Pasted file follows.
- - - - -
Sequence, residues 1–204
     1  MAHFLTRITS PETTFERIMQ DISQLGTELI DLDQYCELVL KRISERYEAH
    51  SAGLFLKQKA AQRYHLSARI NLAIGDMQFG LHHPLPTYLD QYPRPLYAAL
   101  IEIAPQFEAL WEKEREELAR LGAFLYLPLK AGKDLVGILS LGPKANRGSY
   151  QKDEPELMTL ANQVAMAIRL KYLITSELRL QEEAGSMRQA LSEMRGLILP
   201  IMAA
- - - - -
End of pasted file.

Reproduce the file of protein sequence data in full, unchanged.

Sequence, residues 1–204
     1  MAHFLTRITS PETTFERIMQ DISQLGTELI DLDQYCELVL KRISERYEAH
    51  SAGLFLKQKA AQRYHLSARI NLAIGDMQFG LHHPLPTYLD QYPRPLYAAL
   101  IEIAPQFEAL WEKEREELAR LGAFLYLPLK AGKDLVGILS LGPKANRGSY
   151  QKDEPELMTL ANQVAMAIRL KYLITSELRL QEEAGSMRQA LSEMRGLILP
   201  IMAA